There are two level of load balancing available for Azure.
DNS Level; load balancing for traffic to different cloud services located in different datacenters or to different Azure web sites in different data centers or external end points.
Network Level: incoming traffic to a different virtual machines in a cloud services or traffic between VMs in a cloud services or virtual network.
DNS Level is done with Traffic Manager whereas Network level is done with Azure load balancer. Today’s subject is only traffic manager.
Basically, Traffic Manager in Azure allows to control user traffic to different endpoints. That could be cloud services, websites etc… Intelligence policy needs to be applied onto DNS queries in order to operating Traffic Manager.
There are three load balancing methods available to distribute the traffic for Azure Traffic Manager.
Round Robin; it is used for distributing the traffic across a set of VM in same datacenter or across cloud services or websites in different datacenters. The best recommendation for Round Robin is to use it if the VMs are in same datacenter.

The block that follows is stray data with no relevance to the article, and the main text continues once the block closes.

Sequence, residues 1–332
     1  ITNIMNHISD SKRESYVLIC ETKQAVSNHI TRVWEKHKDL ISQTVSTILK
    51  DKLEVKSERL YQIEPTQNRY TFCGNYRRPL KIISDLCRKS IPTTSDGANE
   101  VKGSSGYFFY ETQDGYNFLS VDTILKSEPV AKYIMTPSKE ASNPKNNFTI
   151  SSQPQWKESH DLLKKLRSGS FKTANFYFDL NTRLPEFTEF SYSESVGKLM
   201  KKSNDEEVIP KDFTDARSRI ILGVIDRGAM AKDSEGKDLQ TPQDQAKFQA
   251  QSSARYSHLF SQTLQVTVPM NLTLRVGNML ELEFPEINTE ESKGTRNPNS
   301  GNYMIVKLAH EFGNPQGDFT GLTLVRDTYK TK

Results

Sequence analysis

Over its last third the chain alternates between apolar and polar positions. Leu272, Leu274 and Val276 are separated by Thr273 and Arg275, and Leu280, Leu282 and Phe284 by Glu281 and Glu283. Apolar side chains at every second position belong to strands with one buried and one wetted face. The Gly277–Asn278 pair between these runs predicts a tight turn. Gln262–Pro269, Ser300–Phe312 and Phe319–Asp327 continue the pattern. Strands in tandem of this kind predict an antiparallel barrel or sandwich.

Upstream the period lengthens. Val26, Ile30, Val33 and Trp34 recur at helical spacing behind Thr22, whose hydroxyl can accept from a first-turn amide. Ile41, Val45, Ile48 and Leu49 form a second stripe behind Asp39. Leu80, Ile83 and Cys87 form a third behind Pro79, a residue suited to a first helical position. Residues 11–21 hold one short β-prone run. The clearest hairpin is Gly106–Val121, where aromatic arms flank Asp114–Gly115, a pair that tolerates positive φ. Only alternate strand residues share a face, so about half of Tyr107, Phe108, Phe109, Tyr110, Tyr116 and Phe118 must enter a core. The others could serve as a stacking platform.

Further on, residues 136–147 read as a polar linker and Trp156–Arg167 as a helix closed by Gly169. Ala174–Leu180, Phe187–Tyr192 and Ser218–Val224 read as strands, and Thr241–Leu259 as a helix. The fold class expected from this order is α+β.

Performance; it is recommended for websites in different geographic locations. Traffic Manager considers the location that the request is coming from and it chooses closest endpoint in terms of low latency. The best case scenario for Performance load-balancing is that a website located more than one datacenter in
Failover; That method can be use when a primary site answers all requests and secondary site takes over the control if the primary site is offline.
The basic process is the following:
An Internet client queries a domain name corresponding to a web service.
DNS forwards the name query request to Traffic Manager.
Traffic Manager chooses the next cloud service in the round robin list and sends back the DNS name. The Internet client’s DNS server resolves the name to an IP address and sends it to the Internet client.
The Internet client connects with the cloud service chosen by Traffic Manager.